And now, I want you to take our thought experiment and catch up with the story. You are the Father. You have sought Christ out. You heard that there is this Galilean, hanging out with a rag-tag group of disciples and there have been rumors of healings in his wake. The blind see, the lame are healed and sinners are pronounced forgiven. But they’re just rumors. You haven’t seen the healed. And besides, natural laws are natural laws – there is no room for the miraculous. But you’re at your wits end! You have nothing left and every day poses new threats for your son. So you seek him out and you see a crowd of his disciples at the foot of the mountain – Jesus must be there too! The disciples are certain they can help – and they get to work, praying over your son, anointing him, but nothing is working. Some nearby Pharisees come over to observe the commotion, along with some crowds. The Pharisees start calling out the disciples, reinforcing not only the perceived sinfulness of your family, but also the ineptness of the disciples. And your hope is draining away at an alarming rate. You have been foolish. You have risked the rare public outing and have received scorn, no help, and have purchased for yourself the myriad opportunities for your son to be persecuted by his demon.
And this is this situation that Christ enters.
Christ and the Healing
One commentator I came across in my studies referred to the Father’s words as the sweetest in all the New Testament – “I believe Lord, forgive my unbelief.” I am inclined to agree that they are indeed near to such a title. At the least they warrant further investigation. Pick it up at verse 23:
“And Jesus said to him, '"If you can"! All things are possible for one who believes.' Immediately the father of the child cried out and said, 'I believe; help my unbelief!' And when Jesus saw that a crowd came running together, he rebuked the unclean spirit, saying to it, 'You mute and deaf spirit, I command you, come out of him and never enter him again.' And after crying out and convulsing him terribly, it came out, and the boy was like a corpse, so that most of them said, 'He is dead.' But Jesus took him by the hand and lifted him up, and he arose" (Mark 9:23-27).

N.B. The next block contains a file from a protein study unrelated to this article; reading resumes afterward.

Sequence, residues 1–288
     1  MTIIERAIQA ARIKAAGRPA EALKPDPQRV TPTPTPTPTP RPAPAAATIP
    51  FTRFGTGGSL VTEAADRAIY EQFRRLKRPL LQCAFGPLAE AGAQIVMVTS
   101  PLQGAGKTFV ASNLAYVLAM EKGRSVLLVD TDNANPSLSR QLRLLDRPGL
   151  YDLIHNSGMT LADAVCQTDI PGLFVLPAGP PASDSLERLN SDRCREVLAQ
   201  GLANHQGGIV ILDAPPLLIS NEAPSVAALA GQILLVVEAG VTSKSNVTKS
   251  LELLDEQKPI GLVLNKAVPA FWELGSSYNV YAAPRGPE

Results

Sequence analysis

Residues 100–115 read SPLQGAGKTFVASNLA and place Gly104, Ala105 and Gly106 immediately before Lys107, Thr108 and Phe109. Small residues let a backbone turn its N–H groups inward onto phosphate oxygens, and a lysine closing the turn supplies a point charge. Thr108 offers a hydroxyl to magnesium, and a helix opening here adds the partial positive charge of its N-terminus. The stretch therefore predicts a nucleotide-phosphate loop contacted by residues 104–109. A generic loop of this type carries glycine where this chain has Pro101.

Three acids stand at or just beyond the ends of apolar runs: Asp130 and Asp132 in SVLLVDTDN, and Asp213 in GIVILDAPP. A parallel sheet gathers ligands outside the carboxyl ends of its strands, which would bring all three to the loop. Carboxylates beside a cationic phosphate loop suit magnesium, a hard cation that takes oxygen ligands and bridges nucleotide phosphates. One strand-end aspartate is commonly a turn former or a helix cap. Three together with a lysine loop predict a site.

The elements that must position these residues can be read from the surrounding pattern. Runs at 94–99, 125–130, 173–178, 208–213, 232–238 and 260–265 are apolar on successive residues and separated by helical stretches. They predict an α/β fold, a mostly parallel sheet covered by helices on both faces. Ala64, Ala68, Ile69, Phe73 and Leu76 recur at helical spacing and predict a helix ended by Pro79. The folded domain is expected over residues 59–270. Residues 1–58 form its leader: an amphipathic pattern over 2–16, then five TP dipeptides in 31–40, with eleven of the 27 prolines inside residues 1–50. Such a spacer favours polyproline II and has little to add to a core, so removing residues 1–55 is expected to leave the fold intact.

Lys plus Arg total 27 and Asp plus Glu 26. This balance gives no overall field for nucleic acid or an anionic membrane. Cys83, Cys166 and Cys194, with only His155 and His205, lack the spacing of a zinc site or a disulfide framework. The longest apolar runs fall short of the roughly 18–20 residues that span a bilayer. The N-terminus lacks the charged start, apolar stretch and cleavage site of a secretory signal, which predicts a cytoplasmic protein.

The Father’s words—If Thou canst do anything— are an “Expression of doubt or infirm faith, which, having been at the beginning too weak, had become more and more weak in consequence of the failure of the disciples’ attempt.”1(Lange, J. P., Schaff, P., & Shedd, W. G. T. (2008). A commentary on the Holy Scriptures: Mark, pg. 84) Now I want to slow down slightly and parse precisely what occurs between the Father and Christ. Christ exhorts the Father to believe, noting that all things are possible for those who believe. The Father, moved to tears, cries out that he believes, and but also acknowledges a category of unbelief coexisting with his profession of belief. And if we look carefully, it was likely this that the disciples were arguing about with the Pharisees. Instead of a stalwart belief that that Godman could heal the boy, the disciples are likely caught up in arguing theology with the religious leaders of the day. And this argument is doing nothing but instilling doubt in the minds of the audience. That’s why Jesus, when he descends down the mountain in glory asks them—what are you arguing about? I am present. I am the end of the argument. I am the answer to the argument. Doubt no longer that I can heal this child.